During the sugar production in 2014, around 4 % molasses was added to the pressed sugar-beet pulp in both the Aarberg and Frauenfeld sugar refineries. In the present survey, we investigated the influence of higher additions of molasses on silage quality and aerobic stability. Zero, 7 or 14 % molasses was added to the pressed sugar-beet pulp and the feed was ensiled in round bales. Samples were taken at the time of ensiling as well as after a storage period of 120 and 377 days. In the fresh material and the silages the dry matter and nutrient content were analyzed. Furthermore, the fermentation parameters, the microbiological quality and the aerobic stability of the silages were investigated. The higher the percentage of molasses, the higher the DM content, and in particular the sugar content, of the basic raw material. For its part, the fermentation process broke down a large proportion of the sugar. Silages that had been stored for four months were characterized by good fermentation quality and microbiological quality. Acetic acid content rose in bales stored for over a year. This brought about an improvement in the aerobic stability of the silages, especially in the two variants with 7 and 14 % molasses respectively.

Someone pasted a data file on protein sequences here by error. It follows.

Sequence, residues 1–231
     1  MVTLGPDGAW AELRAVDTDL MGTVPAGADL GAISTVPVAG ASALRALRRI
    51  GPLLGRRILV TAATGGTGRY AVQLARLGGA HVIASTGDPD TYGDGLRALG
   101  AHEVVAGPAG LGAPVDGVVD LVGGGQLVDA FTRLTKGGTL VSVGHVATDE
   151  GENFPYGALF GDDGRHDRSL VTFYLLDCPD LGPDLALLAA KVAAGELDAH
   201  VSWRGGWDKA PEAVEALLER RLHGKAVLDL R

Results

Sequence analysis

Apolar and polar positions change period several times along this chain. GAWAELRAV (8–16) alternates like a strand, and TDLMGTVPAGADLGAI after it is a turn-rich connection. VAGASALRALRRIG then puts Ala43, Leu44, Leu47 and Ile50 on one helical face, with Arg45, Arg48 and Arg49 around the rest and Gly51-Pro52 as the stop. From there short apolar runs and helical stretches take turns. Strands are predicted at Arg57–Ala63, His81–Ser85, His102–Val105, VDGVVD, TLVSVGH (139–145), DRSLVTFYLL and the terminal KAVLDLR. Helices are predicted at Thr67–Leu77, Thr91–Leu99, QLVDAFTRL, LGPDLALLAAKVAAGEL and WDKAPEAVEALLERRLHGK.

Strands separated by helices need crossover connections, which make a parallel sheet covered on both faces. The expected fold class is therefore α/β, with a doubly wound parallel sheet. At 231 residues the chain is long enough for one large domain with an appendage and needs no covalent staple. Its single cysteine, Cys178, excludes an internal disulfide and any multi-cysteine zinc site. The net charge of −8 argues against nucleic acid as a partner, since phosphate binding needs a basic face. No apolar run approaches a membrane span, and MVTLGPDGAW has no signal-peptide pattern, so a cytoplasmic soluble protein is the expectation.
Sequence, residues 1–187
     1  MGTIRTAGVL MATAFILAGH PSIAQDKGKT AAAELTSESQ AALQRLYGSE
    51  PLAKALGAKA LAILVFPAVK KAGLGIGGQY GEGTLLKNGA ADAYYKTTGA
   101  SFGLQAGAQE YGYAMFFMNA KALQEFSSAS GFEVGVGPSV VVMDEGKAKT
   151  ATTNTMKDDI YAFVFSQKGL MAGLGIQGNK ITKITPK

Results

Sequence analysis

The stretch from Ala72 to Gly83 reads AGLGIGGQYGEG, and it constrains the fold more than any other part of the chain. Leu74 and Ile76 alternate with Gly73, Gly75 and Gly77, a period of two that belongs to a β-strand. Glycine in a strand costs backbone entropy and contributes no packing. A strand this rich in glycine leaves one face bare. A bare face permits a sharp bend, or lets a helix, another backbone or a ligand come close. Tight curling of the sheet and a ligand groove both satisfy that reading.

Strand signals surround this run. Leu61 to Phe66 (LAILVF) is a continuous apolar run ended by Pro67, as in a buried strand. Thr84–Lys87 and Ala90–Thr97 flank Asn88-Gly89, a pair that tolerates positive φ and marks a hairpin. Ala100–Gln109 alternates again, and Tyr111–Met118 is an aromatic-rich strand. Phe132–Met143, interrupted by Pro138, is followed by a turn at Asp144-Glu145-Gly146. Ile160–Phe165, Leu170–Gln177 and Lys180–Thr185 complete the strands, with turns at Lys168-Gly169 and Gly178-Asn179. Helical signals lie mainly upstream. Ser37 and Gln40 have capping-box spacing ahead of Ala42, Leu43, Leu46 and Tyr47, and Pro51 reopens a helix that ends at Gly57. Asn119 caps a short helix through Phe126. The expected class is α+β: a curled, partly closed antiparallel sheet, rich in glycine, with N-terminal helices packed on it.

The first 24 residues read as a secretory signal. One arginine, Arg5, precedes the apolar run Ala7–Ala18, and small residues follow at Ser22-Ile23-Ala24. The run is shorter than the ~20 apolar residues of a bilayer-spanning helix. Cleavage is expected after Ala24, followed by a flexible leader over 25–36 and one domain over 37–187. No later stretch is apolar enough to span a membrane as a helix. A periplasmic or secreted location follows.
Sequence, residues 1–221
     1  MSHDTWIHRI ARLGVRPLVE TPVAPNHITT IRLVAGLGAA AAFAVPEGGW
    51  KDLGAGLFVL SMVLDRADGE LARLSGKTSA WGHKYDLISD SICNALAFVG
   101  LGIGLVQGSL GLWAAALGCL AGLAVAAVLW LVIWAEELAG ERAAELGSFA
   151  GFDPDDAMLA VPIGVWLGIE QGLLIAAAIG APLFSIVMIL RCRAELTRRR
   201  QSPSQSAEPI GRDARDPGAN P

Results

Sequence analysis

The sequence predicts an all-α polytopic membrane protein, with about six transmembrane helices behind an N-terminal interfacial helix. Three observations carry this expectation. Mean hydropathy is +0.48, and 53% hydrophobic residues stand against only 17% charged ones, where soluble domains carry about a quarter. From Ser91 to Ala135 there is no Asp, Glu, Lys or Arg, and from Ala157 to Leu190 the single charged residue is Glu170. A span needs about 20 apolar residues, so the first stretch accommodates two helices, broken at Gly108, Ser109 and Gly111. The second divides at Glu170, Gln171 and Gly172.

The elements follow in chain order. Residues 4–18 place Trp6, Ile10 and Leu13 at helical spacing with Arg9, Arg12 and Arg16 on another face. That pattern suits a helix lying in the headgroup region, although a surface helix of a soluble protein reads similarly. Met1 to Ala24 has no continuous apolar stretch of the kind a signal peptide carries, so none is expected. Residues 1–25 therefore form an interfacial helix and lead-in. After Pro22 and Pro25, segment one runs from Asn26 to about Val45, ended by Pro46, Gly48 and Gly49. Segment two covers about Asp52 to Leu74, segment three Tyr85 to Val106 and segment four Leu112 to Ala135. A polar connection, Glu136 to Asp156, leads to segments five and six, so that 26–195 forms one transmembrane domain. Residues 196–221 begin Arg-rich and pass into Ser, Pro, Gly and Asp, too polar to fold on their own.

While botanical composition, growth cycle and phenological stage are integral factors, they are not the sole determinants of the quality of grass silages from intensively managed permanent meadows.
Food that is unsuitable for human consumption does not affect the growth performance or carcass composition of pigs to which it is fed. This makes it a promising solution for reducing food waste.
Horses are ridden or driven on a variety of surfaces, which differently absorb the impact forces exerted on hooves, limbs and the horse's entire body. Objective measurement of the functional properties of equestrian arena surfaces is therefore of great importance.